‘Don’t Be Mean to People’: How Ponysaurus Became a Beacon for Inclusivity
Together We Stand NC
Three summers ago, Nick Hawthorne-Johnson and Tyrone Irby sat down for beer—and a serious talk. The two knew each other as friendly acquaintances through Ponysaurus Brewing Co., a Durham brewery, taproom, and beer garden Hawthorne-Johnson opened with business partner David Baldwin in 2015
"Drinking a pint of beer makes it easier to have conversations, particularly about things that are uncomfortable to have conversations about, whether that's talking to a first date or talking about social issues,” Hawthorne-Johnson says.
Just a month earlier, George Floyd had been murdered by Minneapolis police officers, and much of the country was still reeling from the news. For its part, Ponysaurus was taking time to do some soul searching—and more importantly, listening. The brewery’s typical flurry of social media activity had fallen quiet, and in mid-June it addressed that silence in an Instagram post: “... please know that our silence does not equal apathy. Quite frankly, we decided our role in the Black Lives Matter movement needed to start with listening,” it read.
“We talked a lot about how we wanted to be effective and supportive and an ally to the people who were being active,” Hawthorne-Johnson recalls. “And I just felt like as a company, we didn't need to say more; we needed to listen more and pay attention.”
Around the same time, Irby was laying the foundation for what would become Together We Stand (TWS). The confluence of these two forces—one seeking to listen and one seeking to be heard—quickly gave rise to Together We Stand’s first event. It also marked the beginning of a meaningful collaboration between the grassroots organization and the community-focused brewery.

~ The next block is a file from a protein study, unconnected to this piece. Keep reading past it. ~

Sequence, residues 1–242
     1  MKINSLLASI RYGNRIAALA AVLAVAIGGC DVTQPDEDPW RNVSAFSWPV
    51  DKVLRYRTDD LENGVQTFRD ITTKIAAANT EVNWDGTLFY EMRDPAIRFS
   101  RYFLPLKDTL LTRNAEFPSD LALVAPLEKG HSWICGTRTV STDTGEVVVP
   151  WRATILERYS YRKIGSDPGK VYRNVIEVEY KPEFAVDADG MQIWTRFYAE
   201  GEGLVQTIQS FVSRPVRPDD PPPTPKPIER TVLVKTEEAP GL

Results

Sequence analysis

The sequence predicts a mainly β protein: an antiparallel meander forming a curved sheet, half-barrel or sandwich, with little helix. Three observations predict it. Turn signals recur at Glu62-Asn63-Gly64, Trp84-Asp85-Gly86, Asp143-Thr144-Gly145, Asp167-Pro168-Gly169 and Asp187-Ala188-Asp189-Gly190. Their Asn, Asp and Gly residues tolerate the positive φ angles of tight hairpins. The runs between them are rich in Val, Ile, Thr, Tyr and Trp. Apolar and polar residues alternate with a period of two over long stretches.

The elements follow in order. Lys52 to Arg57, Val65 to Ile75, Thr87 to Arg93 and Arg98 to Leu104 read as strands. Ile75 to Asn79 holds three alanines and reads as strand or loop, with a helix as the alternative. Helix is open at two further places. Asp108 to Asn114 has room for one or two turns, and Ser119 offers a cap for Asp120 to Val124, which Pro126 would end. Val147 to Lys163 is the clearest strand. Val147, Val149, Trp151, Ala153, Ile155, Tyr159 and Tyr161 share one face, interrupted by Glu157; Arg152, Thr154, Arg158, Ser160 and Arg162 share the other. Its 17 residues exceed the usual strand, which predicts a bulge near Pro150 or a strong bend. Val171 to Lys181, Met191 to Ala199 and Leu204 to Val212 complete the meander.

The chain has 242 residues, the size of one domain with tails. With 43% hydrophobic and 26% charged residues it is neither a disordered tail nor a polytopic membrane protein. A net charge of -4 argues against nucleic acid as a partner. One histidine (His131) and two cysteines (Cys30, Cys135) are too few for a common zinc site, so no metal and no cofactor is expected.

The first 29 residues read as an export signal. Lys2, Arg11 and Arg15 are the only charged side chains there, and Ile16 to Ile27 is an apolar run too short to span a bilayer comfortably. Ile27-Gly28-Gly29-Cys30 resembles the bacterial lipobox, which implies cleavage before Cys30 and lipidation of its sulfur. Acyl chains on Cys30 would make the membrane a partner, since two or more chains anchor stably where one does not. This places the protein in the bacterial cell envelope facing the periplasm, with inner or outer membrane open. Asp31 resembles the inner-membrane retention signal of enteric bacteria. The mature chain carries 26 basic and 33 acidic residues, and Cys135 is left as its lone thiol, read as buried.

What started as a rally during Covid has grown into an annual tradition. TWS hosted Unity 5K races at Ponysaurus in 2021 and 2022—and the crowd keeps getting bigger. The organization’s reach has also expanded to cities across the state with Unity 5Ks and other events in Raleigh, Greensboro, Charlotte, Greenville, Fayetteville, and soon Asheville. But Irby emphasizes that it all began at Ponysaurus.
“It developed more than I thought it would,” Irby says. “Our goal was started right here. It really started with this guy [Hawthorne-Johnson] because he’s the guy that said, ‘Yeah, let’s do it.’”
Hawthorne-Johnson is quick to downplay his role and instead redirects credit back to Irby and the TWS team. This reaction is indicative of how Ponysaurus elevates the community and its partners; the brewery doesn’t sell itself as an advocacy or social justice group, but rather uses its platform to spread the message and invite others to join the cause.
"By virtue of just being a place that people know about and pay attention to, we kind of have a megaphone. Whether we use it or not, it's there. And I feel it's important for the people who do have that to use their voice responsibly and promote things that are good for everybody,” Hawthorne-Johnson says. “We don't ever want anybody to confuse us as being an advocacy organization—we are a brewery.”
His colleague Sarah Voran, director of marketing and strategic development for the brewery’s parent company, Cast Iron Group, echoes this sentiment. Voran first began working at Ponysaurus six years ago and has both witnessed and been a part of shaping how the brewery positions itself with social causes.